Petroleum Economics

ECN420 Petroleum Economics

  • Topics


    The course consists of five parts: (i) Introduction to petroleum markets, (ii) Oil market theories, (iii) Petroleum taxation and wealth management, (iv) Energy and the environment, and (v) Natural gas markets. Part (i) gives an overview of petroleum markets today, including resource allocation, production, trade, and the role of energy in the world economy. This part also gives the historical perspective. Part (ii) presents theories to model the oil market. We consider different market structures, such as perfect competition, monopoly, and price leadership. In part (iii), we discuss the basic principles of petroleum taxation and investigate the Norwegian petroleum taxation system and its development. This part also looks at the management of petroleum wealth. Part (iv) deals with how climate change and climate regulations might affect energy markets. We introduce some concepts from environmental economics, look at carbon pricing, and we consider transportation markets, such as how recent fuel-efficiency and emissions reductions policies affect energy use in the transportation sector. Finally, part (v) looks at the natural gas market. In this part, we focus on ways in which natural gas differs from oil, and how these differences affect their respective markets.

  • Learning outcome

    Learning outcome

    The course focuses on the economics of the petroleum industry and energy markets. It combines a historical and descriptive approach, with analytical modeling and analyses.

    The course will enable students to:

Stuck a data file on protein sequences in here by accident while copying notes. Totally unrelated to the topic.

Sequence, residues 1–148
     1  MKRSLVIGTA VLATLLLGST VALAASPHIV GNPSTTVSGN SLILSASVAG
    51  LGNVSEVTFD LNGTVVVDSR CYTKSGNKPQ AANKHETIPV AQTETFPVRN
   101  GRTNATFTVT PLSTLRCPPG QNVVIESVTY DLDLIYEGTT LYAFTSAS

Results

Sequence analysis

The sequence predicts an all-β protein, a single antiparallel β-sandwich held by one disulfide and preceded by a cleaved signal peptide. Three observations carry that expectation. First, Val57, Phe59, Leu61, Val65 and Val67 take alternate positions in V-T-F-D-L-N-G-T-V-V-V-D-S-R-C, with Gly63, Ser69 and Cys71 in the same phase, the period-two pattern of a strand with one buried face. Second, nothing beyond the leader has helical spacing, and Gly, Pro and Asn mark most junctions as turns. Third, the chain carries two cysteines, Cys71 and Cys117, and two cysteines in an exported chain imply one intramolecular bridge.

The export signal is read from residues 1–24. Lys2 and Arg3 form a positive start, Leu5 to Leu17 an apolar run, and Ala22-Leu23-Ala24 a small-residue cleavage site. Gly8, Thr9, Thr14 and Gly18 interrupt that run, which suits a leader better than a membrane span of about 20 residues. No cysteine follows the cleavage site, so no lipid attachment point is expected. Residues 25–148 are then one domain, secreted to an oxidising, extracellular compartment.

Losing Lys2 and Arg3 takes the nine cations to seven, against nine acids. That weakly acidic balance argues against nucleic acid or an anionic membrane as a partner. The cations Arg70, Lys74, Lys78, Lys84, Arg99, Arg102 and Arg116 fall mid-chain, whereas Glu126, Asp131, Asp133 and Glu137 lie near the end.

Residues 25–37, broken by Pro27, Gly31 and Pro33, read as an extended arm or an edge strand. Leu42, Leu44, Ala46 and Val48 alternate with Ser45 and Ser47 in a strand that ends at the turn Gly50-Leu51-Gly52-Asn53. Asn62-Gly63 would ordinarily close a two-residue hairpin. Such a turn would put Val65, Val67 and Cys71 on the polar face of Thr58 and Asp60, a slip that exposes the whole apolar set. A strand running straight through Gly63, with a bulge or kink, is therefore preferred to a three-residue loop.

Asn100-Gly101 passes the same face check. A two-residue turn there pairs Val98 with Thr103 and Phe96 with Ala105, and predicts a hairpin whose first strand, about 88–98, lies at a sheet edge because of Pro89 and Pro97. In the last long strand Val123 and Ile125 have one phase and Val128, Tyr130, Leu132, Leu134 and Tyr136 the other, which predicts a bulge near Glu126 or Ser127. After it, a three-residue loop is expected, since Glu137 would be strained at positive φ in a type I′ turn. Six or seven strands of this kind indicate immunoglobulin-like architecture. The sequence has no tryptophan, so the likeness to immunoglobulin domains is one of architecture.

• Be familiar with the global markets for oil and natural gas and their organization
    • Understand basic economic concepts underlying petroleum production and use
    • Discuss major events and developments in the history of the petroleum industry, and the development of the price of oil up until today
    • Formulate and analyze simple economic models of resource depletion and market competition, both analytically and empirically
    • Explain how local, regional, and global policies and institutions affect energy markets and prices
    • Understand the interaction between petroleum and other energy resources in the market, and how this is affected by environmental and climate policies
    • Understand the main principles of petroleum taxation and what it implies to have a neutral tax system
    • Know the main components of the Norwegian petroleum taxation system and their roles

  • Teaching


    Plenary lectures, video recordings, group work, and homework assignments.

  • Required prerequisites

    Required prerequisites

    Intermediate microeconomics and a basic knowledge of calculus recommended.

  • Credit reduction due to overlap

    Credit reduction due to overlap

    This course is the same as SAM460, and you will not get credit for both courses.

  • Requirements for course approval

    Requirements for course approval

    To obtain course approval, which is required to write the final exam, students must receive a ¿pass¿ on at least three written homework assignments during the semester.

  • Assessment


    Exam: A three-hour, written exam. Grading scale: A-F. Weight: 70%. Term paper. Grading scale: A-F. Weight: 30%.

    In order to retake the exam you should register for ECN420EKS or ECN420OPPG. Please note that this only applies of you have taken the course before.

  • Grading Scale

    Grading Scale

    Grading scale A - F.

  • Computer tools

    Computer tools

    Text editor, spreadsheet.

  • Semester



  • Literature


    • Textbook: Hannesson, R. "Petroleum Economics. Issues and Strategies." Quorum Books, 1998.
    • Journal articles: Selected papers from academic journals.


ECTS Credits

Course responsible

Yuanhao Jack Li, Department of Economics.